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Cancer Caregiving: Setting Boundaries and Learning to Let Go

On learning the difference between caregiver and seeing the signs of codependency.
PUBLISHED November 27, 2016
Kim is a nursing student who is hoping to find her place amongst the phenomenal oncology nurses and doctors who cared for her sister. She loves reading, volunteering and enjoying the outdoors of Colorado.
As a caregiver for nearly the last three years, I’ve experienced everything that my sister has. The greatest and most imperative difference is that it was all happening to her. It has often left me feeling both helpless and hopeless, sitting idly by as cancer ravaged her and tried its best to steal away the young woman who happened to be my sister.

During the course of this time, I have frequently set aside my own wellbeing for the betterment of hers. Not wanting to focus on myself, in part, because of the guilt that I felt because she was the one who was sick and not me. It has fractured the relationship that I had with my family, and seemingly has hindered the one that I had hoped to have with her.

Having never cared for somebody who was sick before, I didn’t understand the difference between what I’d done and what I did for my sister. With her diagnosis, I had an innate need to be with her. It is hard to pinpoint what emotions drove my choices and what made me chose to do what I did. After reading through my own notes and journals, I think I chose to control what I could in a situation that was far from my control. That meant learning all that I could, because if I knew it all, there would be nothing to fear. This is not at all factual, but in a way, that is how my foray into caregiving began.

The thought of losing my sister meant that I wanted to spend as much time as possible with her for fear that she would slip away and I would lose her. What I did not realize is that over time, it was becoming detrimental to my own wellbeing. My reactions to things and how much time I was spending with her was not healthy for either one of us. My actions were aiding in her dependency, when the goal was to help her be independent despite the illness that was slowly making her weaker. Albeit in a distinctly different way, I did not realize that in some ways I was doing the same thing.

I have been told on separate occasions that I was suffering from caregiver burnout. A term that I had not heard until visiting with a personal therapist this past fall was codependency. In a nutshell, codependency begins for many reasons but can be rooted in the need to ease anxiety or to be in control. As I have been reflecting on my own reasoning, I now understand that I began as a caregiver and at some point, it turned into a caretaking. When this journey began, I couldn’t imagine myself anywhere by her side. Anything I could to make her smile or to ease the pain is what I did.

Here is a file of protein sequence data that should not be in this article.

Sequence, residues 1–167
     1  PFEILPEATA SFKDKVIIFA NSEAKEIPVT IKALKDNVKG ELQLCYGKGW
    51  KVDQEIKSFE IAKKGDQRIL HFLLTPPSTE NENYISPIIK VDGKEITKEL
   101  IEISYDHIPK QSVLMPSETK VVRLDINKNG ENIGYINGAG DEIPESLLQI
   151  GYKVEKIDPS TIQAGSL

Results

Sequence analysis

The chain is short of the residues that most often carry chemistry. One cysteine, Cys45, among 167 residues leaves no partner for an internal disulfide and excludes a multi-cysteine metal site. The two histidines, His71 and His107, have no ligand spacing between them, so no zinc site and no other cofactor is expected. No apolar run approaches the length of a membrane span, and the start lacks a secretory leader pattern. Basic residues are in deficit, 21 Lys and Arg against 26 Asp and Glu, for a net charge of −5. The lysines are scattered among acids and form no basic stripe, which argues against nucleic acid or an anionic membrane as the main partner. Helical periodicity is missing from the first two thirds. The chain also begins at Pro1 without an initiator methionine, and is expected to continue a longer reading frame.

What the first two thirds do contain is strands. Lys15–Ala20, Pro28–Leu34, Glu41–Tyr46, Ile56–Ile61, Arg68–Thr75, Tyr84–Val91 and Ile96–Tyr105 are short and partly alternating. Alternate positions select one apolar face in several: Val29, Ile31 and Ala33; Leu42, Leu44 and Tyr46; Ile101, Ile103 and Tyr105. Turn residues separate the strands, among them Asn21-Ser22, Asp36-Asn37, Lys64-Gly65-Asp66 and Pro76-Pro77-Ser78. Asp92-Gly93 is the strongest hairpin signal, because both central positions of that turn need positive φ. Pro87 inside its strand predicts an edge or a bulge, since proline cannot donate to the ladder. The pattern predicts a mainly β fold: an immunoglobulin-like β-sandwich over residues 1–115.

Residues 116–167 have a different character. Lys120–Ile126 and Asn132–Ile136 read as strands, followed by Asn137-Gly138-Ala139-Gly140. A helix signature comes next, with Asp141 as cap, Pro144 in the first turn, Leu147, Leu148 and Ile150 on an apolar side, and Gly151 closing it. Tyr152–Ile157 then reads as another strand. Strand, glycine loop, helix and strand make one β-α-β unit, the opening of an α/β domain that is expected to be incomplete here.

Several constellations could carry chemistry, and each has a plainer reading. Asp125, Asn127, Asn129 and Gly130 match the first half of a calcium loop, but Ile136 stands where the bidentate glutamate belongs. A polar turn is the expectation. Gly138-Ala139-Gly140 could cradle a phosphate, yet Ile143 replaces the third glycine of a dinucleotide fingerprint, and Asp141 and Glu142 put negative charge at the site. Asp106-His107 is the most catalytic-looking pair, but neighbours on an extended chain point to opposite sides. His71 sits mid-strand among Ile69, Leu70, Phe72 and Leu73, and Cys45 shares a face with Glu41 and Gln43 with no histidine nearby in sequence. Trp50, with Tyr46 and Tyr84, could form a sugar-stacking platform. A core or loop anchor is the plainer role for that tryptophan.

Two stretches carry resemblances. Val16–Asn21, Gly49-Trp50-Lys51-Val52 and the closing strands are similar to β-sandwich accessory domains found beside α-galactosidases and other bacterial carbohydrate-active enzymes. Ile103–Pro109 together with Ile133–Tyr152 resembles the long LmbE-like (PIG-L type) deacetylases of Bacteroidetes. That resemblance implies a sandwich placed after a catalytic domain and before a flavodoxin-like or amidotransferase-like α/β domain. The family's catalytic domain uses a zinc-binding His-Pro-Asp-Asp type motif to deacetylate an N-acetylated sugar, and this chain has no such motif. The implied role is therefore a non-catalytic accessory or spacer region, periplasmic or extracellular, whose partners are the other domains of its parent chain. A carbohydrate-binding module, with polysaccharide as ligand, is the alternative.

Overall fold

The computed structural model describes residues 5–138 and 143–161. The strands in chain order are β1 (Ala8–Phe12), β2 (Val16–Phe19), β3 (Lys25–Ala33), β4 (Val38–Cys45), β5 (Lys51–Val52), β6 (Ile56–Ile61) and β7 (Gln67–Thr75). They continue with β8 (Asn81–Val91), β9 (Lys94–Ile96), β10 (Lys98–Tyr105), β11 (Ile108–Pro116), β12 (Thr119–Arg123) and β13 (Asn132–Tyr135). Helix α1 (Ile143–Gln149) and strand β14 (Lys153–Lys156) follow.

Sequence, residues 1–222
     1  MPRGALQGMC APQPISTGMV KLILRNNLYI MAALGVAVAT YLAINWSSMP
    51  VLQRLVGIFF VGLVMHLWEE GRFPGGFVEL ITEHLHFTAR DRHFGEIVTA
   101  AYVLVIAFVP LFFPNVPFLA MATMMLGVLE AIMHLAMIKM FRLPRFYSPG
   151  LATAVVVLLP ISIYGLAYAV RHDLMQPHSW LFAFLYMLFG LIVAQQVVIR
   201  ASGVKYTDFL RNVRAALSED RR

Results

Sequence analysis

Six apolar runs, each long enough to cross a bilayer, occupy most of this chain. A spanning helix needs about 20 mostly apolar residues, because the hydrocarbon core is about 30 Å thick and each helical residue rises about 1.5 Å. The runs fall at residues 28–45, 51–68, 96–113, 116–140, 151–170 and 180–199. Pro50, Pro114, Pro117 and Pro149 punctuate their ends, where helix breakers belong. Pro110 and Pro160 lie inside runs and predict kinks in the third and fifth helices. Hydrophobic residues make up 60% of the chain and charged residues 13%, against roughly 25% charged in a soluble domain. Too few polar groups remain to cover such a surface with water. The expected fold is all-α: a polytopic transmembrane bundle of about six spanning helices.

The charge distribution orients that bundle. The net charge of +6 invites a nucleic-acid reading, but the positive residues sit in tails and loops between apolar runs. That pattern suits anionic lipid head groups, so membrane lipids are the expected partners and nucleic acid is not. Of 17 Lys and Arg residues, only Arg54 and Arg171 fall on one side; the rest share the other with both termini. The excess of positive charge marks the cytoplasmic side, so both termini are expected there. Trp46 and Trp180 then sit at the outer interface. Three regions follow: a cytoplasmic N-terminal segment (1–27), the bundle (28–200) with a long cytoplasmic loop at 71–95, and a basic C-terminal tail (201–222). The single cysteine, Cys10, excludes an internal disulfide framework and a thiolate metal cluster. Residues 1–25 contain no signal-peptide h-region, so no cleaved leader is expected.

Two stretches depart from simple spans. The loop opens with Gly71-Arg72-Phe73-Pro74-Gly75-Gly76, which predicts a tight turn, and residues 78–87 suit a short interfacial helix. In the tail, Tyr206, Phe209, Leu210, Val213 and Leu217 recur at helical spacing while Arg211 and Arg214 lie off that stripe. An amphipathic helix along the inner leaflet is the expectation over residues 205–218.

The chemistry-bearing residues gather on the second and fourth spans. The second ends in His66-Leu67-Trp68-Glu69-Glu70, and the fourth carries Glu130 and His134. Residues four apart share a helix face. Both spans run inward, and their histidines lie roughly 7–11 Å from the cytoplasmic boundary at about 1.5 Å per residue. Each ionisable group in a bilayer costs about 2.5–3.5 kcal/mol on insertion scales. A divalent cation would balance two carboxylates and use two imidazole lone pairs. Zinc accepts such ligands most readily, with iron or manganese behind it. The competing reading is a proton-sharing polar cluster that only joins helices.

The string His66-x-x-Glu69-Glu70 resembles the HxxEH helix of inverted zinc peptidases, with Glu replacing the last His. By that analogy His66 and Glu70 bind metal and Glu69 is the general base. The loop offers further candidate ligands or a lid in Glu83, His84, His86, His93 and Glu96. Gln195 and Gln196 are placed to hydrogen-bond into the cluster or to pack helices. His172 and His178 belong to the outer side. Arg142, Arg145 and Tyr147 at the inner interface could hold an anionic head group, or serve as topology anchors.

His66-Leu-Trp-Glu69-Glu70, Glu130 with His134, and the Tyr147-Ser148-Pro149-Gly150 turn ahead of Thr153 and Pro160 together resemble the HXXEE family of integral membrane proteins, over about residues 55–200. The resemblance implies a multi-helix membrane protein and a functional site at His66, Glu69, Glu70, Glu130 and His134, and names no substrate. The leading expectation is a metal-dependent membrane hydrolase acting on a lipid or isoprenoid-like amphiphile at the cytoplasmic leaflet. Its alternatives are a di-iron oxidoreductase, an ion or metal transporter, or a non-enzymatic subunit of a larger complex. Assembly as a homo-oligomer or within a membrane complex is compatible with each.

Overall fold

Now though, I know that it is time to take a step back. I have rarely practiced my own self-care out of guilt. When in reality, self-care is an important skill for anybody to practice – especially somebody who is caregiving. It is something that I have expressed many times because if we do not care for ourselves, we can not care for those that we love either.

By nature, I am a problem solver. When something arises, I dive in and find a solution. The complicated thing about cancer is that you can’t just fix it. Even now in remission, she has a vast amount of chronic illnesses that will stay with her for the rest of time. This is not something I easily cope with, seeing as how many of those choices were mine to make. As I stated, anxiety and fears were soothed when I took this role on. However, it now creates an immeasurable amount of depression, anxiety and frustration for myself. It greatly affects the relationships that I have both inside and outside of my family. It is admittedly hard to take a step back and acknowledge that though I had the best of intentions, it is time to now make new choices – choices that will benefit not just my sister’s health and happiness, but my own.
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